Thursday, April 29, 2010
Open from 7:30 a.m.-5:30 p.m., weekdays, the Riverside program costs $5 an hour for a “jam-packed” day that includes discussion and reminiscing, chair exercises, sports games — a recent session had seniors playing tabletop bowling — lunch, snacks, bingo and other activities.Since I am sort of living this right now, albeit by long distance, I am compelled to comment.
The focus is on “empowerment,” allowing attendees to engage in supervised activities and tasks that will help them achieve success.
“What we find is they come out of their shells,” Zarb noted. He said sometimes caregivers may strengthen a loved one's feeling of helplessness by constantly diverting their attention and discouraging their participation in simple tasks.
This is an area of ministry that churches should, even MUST, get involved in. The adult day care thing may or may not be the way to go because there are lots of options out there on how to cope with old infirmed parents, and its good to have choices. What is really necessary, and should accompany such an adult day care center, or any other approach, is ministry to the caregivers. e all know its emotionally tough - but note closely the comments about empowerment for the "patient."
Too often we seek to manage our elderly, particularly those with health issues, rather than help them. It is true - there are limits to their capabilities, but they will find happiness from using those capabilities to their fullest.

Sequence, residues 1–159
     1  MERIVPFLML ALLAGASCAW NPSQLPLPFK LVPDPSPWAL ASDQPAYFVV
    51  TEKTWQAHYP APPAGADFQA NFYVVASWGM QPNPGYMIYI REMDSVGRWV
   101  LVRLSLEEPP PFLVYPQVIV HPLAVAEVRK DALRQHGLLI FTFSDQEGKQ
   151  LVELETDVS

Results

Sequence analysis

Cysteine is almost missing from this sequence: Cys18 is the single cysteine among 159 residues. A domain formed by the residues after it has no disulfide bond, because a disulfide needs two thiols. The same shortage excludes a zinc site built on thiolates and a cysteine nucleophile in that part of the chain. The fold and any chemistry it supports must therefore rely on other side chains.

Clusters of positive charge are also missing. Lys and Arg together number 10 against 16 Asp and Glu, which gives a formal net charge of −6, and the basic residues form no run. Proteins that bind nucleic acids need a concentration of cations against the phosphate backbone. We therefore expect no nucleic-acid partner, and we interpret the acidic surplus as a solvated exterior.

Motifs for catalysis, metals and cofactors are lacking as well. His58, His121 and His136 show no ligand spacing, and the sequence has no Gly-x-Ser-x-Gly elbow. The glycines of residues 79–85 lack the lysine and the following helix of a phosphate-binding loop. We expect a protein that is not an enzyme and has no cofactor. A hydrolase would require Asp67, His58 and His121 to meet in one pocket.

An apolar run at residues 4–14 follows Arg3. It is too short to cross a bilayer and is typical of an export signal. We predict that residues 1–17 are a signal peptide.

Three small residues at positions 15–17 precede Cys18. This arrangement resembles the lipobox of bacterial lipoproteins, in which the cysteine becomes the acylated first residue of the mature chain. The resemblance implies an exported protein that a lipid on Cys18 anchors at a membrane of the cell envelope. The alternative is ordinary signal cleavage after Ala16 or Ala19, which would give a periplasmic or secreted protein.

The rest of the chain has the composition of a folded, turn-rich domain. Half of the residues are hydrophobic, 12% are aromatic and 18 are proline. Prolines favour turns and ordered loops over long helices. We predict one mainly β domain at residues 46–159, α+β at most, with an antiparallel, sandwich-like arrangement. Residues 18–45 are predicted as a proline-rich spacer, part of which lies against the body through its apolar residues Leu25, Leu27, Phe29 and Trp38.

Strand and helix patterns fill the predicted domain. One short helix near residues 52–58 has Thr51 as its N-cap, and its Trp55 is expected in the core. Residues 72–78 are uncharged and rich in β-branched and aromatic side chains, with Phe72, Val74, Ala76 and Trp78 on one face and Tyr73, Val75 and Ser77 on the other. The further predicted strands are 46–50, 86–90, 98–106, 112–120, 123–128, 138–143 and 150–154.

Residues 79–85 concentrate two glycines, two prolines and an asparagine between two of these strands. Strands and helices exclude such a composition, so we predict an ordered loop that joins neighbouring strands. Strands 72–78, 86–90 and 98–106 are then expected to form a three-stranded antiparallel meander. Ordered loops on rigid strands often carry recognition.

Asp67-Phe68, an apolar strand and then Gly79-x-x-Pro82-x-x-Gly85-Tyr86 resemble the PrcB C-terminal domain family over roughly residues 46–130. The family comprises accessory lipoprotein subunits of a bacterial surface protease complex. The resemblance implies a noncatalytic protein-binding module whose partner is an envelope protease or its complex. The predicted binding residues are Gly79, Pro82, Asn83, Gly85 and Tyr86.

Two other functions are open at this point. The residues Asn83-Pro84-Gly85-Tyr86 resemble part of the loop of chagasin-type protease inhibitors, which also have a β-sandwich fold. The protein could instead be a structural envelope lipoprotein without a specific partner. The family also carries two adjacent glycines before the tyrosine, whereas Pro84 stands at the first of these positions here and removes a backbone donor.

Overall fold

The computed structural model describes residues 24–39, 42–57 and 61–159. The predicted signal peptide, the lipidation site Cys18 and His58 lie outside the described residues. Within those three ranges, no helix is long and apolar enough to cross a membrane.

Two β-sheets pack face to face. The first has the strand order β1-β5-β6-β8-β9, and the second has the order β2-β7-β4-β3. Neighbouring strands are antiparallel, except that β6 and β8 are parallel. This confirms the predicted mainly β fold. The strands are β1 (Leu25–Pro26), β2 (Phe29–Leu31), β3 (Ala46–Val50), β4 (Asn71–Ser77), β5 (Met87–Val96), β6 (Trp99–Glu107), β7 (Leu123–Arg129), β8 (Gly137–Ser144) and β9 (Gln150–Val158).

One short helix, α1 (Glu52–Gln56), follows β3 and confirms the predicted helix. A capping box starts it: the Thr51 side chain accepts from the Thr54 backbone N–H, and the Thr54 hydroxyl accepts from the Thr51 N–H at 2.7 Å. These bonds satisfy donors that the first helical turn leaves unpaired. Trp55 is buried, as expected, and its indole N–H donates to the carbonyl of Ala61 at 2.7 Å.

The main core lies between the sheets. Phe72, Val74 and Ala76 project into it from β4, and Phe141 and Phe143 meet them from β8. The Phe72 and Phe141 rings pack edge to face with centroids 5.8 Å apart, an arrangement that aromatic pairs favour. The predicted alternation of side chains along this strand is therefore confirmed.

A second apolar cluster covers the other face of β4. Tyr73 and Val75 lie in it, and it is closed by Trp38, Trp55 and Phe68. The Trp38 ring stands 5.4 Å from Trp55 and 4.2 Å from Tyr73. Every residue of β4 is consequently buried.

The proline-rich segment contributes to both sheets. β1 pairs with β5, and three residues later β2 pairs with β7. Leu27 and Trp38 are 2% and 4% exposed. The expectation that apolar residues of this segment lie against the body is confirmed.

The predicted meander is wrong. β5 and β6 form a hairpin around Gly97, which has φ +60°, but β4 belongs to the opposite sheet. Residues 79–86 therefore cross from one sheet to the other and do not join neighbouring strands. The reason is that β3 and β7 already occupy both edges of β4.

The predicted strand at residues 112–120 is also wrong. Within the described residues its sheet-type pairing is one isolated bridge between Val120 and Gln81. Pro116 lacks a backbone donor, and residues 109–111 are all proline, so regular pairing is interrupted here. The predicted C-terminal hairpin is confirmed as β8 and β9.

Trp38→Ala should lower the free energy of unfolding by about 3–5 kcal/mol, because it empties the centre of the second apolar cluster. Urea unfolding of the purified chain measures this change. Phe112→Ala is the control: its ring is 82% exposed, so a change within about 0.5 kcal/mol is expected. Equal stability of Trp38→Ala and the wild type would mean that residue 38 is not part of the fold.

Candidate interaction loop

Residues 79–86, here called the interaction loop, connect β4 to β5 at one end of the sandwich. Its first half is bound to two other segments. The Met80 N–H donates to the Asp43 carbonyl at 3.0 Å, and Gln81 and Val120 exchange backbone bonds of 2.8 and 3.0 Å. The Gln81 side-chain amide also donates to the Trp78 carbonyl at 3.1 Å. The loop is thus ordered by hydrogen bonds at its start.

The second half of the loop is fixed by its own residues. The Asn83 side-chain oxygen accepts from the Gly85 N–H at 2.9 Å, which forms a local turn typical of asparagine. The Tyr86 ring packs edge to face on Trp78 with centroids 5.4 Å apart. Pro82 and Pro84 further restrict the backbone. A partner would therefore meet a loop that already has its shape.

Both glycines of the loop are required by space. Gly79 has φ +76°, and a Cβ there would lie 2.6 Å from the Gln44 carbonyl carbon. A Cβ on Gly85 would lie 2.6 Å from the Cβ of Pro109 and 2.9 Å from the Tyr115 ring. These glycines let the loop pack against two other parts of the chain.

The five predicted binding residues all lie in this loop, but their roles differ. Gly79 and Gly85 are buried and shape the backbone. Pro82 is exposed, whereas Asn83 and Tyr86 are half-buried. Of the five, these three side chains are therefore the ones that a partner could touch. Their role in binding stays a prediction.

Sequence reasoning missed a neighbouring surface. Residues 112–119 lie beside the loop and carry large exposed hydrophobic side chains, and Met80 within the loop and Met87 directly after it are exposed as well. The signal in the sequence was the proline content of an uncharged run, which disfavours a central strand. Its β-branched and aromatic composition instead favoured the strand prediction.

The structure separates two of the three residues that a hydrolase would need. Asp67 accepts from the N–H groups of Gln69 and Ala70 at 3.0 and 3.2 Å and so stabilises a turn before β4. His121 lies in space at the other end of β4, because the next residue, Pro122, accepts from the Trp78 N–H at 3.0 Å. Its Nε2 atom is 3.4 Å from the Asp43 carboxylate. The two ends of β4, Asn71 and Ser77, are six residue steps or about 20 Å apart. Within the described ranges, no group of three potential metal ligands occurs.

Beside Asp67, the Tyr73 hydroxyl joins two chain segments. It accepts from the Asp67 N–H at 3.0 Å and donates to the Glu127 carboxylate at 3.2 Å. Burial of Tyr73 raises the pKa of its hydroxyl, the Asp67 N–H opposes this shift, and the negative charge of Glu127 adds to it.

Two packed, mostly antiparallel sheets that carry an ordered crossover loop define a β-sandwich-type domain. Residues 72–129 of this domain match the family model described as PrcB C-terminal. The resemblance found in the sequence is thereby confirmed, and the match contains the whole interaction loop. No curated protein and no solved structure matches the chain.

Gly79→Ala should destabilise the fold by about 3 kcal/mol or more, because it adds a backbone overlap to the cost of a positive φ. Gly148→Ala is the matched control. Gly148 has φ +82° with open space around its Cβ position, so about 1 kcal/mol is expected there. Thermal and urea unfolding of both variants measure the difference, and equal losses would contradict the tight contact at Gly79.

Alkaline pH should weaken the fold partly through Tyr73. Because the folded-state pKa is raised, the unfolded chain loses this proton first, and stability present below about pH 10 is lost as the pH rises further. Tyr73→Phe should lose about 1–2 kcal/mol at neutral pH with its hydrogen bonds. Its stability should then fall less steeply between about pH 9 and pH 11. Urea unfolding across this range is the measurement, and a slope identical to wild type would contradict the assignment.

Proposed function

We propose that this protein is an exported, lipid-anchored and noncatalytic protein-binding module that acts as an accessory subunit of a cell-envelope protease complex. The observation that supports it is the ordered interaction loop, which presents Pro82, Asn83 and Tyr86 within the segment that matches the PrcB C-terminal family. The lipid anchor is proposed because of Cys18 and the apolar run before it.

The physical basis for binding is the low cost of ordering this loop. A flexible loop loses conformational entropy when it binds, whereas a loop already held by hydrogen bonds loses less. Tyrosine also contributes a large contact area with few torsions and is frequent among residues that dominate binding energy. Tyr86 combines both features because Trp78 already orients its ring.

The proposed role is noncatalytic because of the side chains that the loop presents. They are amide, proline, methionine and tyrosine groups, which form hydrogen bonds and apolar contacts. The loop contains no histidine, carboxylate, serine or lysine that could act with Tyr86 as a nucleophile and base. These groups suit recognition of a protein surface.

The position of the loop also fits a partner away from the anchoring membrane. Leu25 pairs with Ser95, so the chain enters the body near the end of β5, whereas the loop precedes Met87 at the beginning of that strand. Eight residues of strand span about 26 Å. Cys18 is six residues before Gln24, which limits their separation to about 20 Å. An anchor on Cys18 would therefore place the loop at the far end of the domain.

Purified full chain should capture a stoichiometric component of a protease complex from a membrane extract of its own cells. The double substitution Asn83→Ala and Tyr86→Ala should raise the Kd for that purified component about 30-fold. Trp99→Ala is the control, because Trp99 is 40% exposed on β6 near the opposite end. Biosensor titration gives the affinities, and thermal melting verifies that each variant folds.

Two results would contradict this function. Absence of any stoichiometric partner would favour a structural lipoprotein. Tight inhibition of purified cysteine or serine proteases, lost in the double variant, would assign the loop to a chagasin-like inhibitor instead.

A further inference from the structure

Most churches work very hard to help people parent, but this is such a neglected area in comparison, and yet the challenges are not at all dissimilar. The only difference seems to be our attitude - children represent potential, and the elder seems to be taking steps to death.
But have you ever considered that we are all on the inevitable road to death from the moment of our birth? For the elderly, they are indeed farther along the road, but it is the same journey, and are they not entitled to the same dignity and worth as anyone else on that journey? Is it not our job to help them find it, as it is with everyone else we encounter in our own journey?
WE need to figure out how to call people to accountability on their attitudes towards the elderly,, and particularity those we are charged with caring for. Too often we view that caregiving as chore, or burden, or adjunct. It's not - it is a charge of God as is any other caregiving situation, child, spouse, whatever. This are not people to be managed.
They are to be loved, even if it hurts becasue of who they used to be. We meet them where they are.